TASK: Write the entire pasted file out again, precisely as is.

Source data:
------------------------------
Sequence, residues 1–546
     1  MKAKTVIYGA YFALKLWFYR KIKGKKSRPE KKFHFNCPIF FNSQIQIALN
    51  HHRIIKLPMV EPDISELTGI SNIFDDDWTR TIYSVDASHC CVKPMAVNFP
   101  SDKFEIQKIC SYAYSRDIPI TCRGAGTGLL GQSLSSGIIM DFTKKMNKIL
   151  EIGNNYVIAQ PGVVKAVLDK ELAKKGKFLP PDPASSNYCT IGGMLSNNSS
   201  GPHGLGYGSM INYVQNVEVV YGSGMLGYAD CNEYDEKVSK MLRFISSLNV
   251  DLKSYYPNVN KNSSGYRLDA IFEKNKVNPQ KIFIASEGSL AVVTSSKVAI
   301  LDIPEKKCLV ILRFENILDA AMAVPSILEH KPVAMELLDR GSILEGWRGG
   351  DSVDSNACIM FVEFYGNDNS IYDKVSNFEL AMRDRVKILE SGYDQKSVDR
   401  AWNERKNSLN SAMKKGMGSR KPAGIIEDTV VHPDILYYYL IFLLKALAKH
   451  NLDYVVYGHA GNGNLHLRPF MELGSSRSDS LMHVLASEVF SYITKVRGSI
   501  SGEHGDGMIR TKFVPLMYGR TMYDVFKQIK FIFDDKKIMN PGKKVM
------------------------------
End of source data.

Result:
Sequence, residues 1–546
     1  MKAKTVIYGA YFALKLWFYR KIKGKKSRPE KKFHFNCPIF FNSQIQIALN
    51  HHRIIKLPMV EPDISELTGI SNIFDDDWTR TIYSVDASHC CVKPMAVNFP
   101  SDKFEIQKIC SYAYSRDIPI TCRGAGTGLL GQSLSSGIIM DFTKKMNKIL
   151  EIGNNYVIAQ PGVVKAVLDK ELAKKGKFLP PDPASSNYCT IGGMLSNNSS
   201  GPHGLGYGSM INYVQNVEVV YGSGMLGYAD CNEYDEKVSK MLRFISSLNV
   251  DLKSYYPNVN KNSSGYRLDA IFEKNKVNPQ KIFIASEGSL AVVTSSKVAI
   301  LDIPEKKCLV ILRFENILDA AMAVPSILEH KPVAMELLDR GSILEGWRGG
   351  DSVDSNACIM FVEFYGNDNS IYDKVSNFEL AMRDRVKILE SGYDQKSVDR
   401  AWNERKNSLN SAMKKGMGSR KPAGIIEDTV VHPDILYYYL IFLLKALAKH
   451  NLDYVVYGHA GNGNLHLRPF MELGSSRSDS LMHVLASEVF SYITKVRGSI
   501  SGEHGDGMIR TKFVPLMYGR TMYDVFKQIK FIFDDKKIMN PGKKVM